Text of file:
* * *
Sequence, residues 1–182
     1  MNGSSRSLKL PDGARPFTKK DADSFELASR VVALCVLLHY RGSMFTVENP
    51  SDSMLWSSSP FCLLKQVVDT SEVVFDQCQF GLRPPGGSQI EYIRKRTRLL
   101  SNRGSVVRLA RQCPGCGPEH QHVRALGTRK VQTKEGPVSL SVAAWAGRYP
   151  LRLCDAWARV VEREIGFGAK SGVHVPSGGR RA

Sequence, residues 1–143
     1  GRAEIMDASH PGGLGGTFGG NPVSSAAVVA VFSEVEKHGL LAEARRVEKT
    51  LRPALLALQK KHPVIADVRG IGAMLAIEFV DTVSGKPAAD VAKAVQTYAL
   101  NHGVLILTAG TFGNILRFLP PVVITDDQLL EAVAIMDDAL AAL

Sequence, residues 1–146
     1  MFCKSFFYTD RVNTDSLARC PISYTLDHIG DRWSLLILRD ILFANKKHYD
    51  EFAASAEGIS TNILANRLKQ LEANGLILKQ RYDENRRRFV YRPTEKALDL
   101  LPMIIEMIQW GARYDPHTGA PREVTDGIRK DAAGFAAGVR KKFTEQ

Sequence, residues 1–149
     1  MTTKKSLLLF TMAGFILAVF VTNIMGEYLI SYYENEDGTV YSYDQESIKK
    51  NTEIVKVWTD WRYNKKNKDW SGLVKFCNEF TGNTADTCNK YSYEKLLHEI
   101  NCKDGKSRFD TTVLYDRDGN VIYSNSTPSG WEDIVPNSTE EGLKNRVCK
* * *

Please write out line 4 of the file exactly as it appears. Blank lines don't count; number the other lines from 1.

   101  SNRGSVVRLA RQCPGCGPEH QHVRALGTRK VQTKEGPVSL SVAAWAGRYP